Medicare recipients can choose from three options: traditional Medicare, traditional Medicare with Medigap supplemental insurance, or Medicare Advantage (Part C). An article on Investopedia.com explains that the most comprehensive plan that will incur the least amount of out-of-pocket expenses is traditional Medicare with Medigap (specifically Medigap type F). They go on to say that that choice with the most limitations is Medicare Advantage. Unfortunately, many Medicare recipients are not aware of the limitations of Medicare Advantage until it is too late.
Under Medicare Advantage, consumers are only allowed to choose doctors that are part of their plan. This may sound like a fair trade-off for the extremely low premiums that some Medicare Advantage plans offer, but these plans are not as cost-effective as they appear due to the high co-payments. A Medicare Advantage plan is ideal for healthy individuals, but once they become sick or injured, the expenses are costly. Additionally, the insurers can deem services you are receiving as no longer “medically necessary” and cease coverage at their own discretion.
It is certainly possible to switch to traditional Medicare with Medigap during the next open enrollment season if you become ill, but you will still be responsible for all costs incurred up until that point. Medigap coverage also tends to be less expensive when you enroll initially, rather than later in life, as they are issue-age-rated or attained-age rated policies. The older you are when enrolling in a Medigap policy, the more costly it will be.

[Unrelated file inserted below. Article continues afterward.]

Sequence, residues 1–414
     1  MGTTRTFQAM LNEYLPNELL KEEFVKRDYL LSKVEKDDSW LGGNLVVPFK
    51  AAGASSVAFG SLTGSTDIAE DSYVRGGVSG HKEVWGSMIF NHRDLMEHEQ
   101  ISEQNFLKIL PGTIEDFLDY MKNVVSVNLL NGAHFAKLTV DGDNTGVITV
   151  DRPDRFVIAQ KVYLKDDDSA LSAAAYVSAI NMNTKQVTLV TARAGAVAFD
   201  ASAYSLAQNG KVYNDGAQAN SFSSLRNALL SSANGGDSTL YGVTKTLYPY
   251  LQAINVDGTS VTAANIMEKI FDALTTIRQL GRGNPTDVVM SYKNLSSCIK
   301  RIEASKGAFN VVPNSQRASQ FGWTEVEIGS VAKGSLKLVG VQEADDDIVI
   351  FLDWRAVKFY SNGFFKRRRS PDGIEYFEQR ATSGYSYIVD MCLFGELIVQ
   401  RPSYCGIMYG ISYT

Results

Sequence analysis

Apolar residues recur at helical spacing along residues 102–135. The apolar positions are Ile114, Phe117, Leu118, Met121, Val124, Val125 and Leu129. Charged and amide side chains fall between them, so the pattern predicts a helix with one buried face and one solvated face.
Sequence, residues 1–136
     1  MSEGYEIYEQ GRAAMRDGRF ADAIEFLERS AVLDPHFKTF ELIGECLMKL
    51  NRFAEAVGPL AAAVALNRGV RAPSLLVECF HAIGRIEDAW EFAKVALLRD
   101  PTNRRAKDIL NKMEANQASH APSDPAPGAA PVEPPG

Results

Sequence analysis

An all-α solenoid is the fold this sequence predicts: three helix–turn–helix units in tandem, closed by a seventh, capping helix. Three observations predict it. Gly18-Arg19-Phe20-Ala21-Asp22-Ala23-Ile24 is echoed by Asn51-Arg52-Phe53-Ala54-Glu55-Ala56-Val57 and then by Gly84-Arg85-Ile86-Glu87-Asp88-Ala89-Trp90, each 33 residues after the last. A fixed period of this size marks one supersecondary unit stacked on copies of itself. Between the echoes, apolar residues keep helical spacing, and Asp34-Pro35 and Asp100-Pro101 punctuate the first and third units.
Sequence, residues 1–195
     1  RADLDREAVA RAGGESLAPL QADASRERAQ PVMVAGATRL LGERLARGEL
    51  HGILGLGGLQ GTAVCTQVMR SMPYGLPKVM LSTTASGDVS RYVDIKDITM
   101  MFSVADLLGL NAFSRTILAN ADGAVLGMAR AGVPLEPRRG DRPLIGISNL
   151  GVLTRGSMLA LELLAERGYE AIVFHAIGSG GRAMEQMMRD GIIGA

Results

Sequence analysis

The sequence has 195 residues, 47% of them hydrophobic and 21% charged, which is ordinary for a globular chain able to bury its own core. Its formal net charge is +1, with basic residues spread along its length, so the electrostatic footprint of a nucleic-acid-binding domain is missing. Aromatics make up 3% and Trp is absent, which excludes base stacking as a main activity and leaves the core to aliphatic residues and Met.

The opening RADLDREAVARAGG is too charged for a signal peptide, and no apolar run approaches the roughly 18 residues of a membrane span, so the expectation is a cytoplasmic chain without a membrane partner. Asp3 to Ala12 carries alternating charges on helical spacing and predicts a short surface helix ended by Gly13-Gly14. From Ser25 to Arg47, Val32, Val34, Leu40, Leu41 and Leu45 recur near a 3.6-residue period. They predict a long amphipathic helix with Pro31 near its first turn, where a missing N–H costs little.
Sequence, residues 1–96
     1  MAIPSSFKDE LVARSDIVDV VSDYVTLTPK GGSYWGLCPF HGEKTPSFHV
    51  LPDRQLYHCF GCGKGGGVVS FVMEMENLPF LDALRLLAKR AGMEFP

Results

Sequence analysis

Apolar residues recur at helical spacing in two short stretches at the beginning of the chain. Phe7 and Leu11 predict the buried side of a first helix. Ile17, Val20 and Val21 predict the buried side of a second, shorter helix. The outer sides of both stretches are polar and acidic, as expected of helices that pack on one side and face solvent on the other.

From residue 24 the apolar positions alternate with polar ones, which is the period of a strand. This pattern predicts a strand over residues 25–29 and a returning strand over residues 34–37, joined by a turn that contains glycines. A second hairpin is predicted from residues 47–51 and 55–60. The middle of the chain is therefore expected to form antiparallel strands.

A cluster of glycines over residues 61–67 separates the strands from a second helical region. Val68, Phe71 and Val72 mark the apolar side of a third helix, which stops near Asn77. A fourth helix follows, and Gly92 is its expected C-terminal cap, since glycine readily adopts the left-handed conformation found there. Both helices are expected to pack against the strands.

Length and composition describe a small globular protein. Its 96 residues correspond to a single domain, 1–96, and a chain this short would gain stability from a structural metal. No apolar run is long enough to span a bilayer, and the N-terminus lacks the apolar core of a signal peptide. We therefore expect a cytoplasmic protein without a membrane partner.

The Investopedia article also includes the point of view of a doctor’s experience with Medicare Advantage Plans. Dr. Brent Schillinger, former president of the Palm Beach County Medical Society Foundation pointed out the following:
• Care can actually end up costing more, to the patient and the federal budget, than it would under original Medicare, particularly if one suffers from a very serious medical problem.
• Some private plans are not financially stable and may suddenly cease coverage. This happened in Florida in 2014 when a popular MA plan called Physicians United Plan was declared insolvent, and people were called by doctors who canceled their appointments.
• One may have difficulty getting emergency or urgent care due to rationing.
• The plans only cover certain doctors, often drop providers without cause, breaking the continuity of care
• Members have to follow plan rules to get covered care.
• There are always restrictions when choosing doctors, hospitals and other providers, which is another form of rationing that keeps profits up for the insurance company but may limit patient choice.
• It can be difficult to get care away from home.
• The extra benefits offered can turn out to be less than promised.
• Plans that include coverage for Part D prescription drug costs may ration certain high-cost medications.
If you do decide to enroll in a Medicare Advantage Plan, Investopedia advises that you read all of the fine print, acquire a comprehensive list of all co-payments and deductibles, check to see if all of your doctors and medications are covered by the plan, and if not, evaluate if the doctors on the plan are acceptable to you and if they are currently taking on new patients.
Tully Law, P.C. has specializes in assisting Long Island families in finding peace of mind. Our firm attorneys can provide assistance to those looking to pursue options in Life Care Planning, Elder Law and Estate Planning, Medicaid Asset Protection and Application, and Estate and Trust Administration. For more information contact us at (631) 424-2800.